Sexual abuse victim was in second grade when she was sexually abused starting in 2006
The law firm of Corsiglia, McMahon & Allard has filed a sexual abuse lawsuit in Butte County Superior Court alleging the Thermalito Union Elementary School District was negligent for failing to protect an eight-year-old second grade student.
The student is identified as Jane Doe in the lawsuit. She was abused between 2006-2009 at Poplar Avenue Elementary School in Thermalito, which is near Oroville.
Her abuser, paraeducator You Lee Vang, was found guilty in 2015 of sexually molesting four children, including Jane Doe. He is serving 24 years in state prison.
The lawsuit claims that Doe's sexual abuse could have been prevented if the school had properly supervised Vang.
The lawsuit also alleges the school enabled Vang's predatory behavior by allowing him to take Jane Doe out of her regular classroom and into his, where he would close the door and sexually abuse her behind a privacy screen.
Vang was an ESL educator who provided English training to Hmong students but Jane Doe was an English-speaking student. “She should never have been allowed to be alone with him,” Attorney Lauren Cerri said.
The lawsuit says, too, that school personnel should have been trained on red flag grooming behaviors that would have helped school officials detect and report Vang.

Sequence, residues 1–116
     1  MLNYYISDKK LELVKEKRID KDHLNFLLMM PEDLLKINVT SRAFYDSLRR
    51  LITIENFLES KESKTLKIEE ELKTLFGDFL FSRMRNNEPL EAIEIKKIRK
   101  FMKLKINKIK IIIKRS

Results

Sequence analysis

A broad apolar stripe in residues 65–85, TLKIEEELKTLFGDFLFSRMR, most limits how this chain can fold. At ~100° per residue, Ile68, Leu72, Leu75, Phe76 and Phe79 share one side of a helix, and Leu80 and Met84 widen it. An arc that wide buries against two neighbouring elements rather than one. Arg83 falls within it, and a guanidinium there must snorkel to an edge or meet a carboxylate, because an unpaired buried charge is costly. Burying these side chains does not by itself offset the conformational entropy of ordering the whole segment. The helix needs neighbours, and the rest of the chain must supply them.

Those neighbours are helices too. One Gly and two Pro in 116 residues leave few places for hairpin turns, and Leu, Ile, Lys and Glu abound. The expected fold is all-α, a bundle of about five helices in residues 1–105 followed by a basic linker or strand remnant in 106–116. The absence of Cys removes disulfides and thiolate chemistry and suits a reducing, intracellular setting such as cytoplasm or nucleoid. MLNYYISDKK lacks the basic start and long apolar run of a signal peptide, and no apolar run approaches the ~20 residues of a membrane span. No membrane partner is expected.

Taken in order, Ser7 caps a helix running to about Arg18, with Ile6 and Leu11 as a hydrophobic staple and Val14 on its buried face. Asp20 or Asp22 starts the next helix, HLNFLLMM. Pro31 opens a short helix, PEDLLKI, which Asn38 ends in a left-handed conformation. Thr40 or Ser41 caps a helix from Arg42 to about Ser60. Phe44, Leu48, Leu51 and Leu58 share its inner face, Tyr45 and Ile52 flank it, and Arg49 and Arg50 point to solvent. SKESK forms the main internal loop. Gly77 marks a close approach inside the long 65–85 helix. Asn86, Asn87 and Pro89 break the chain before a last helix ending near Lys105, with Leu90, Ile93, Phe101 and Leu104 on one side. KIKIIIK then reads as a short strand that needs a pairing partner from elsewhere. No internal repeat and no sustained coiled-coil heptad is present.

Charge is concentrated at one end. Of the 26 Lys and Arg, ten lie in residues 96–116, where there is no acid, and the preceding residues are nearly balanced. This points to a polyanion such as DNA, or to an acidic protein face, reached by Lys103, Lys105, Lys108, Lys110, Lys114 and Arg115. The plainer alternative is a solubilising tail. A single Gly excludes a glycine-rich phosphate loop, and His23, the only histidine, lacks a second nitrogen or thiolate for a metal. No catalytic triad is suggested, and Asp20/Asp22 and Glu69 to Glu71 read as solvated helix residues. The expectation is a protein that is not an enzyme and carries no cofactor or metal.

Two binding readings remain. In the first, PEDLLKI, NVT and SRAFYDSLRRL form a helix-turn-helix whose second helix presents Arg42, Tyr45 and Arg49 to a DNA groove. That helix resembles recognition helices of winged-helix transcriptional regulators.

"Schools have a legal obligation to act as the parent when their child is dropped off at school," Cerri said. "That includes doing what a parent would do to protect their child from sexual abuse, including alerting authorities of a report from another student that Vang had touched her in a way that made her uncomfortable."
The harm caused to Jane Doe by the abuse continues and will be lifelong.
In the criminal trial, the Judge stated, "the effect child molestation has on victims is overwhelming and underestimated by adults." Doe told the court that she often asks herself “what I could have been like if this had never happened to me. Maybe I could have turned out to be the girl I’d hoped to be..."
She added that she is “sad, lonely and struggling with life.”
In 2013, Jane Doe tried to sue the school district but because of the law, her claim was rejected. The law at the time required Doe and all educator sexual abuse victims to provide school districts notice that they were going to file a lawsuit within six months of the date they were abused.
“That was an unjust law that California school districts used to evade legal responsibility," Cerri said. “Fortunately, the law was changed in 2020, doing away with the claim requirement and allowing victims, no matter when they were abused, three years to bring a lawsuit.”
The three years expires Dec. 31, 2022.
"Our legal team is using the new law to make sure sexual abuse victims are fairly compensated, and to hold perpetrators and their enablers accountable," Cerri said.
Attorneys for Jane Doe are seeking help from those with information on the case. Please contact the law firm at 408-289-1417.
About Corsiglia, McMahon & Allard
The sexual abuse legal team at Corsiglia, McMahon & Allard has a national reputation and proven record of helping survivors and their families recover from childhood sexual abuse. The firm’s $65 million jury verdict in a sexual abuse case against a public school is believed to be the largest single plaintiff verdict ever in California and the U.S. In May 2022, the law firm obtained a $10 million jury verdict for the 2003 sexual abuse of a then-high school tennis player abused by his coach. And earlier this year, the firm secured $7.5 million for five men sexually abused by their teacher in the late 1970's and early 1980's.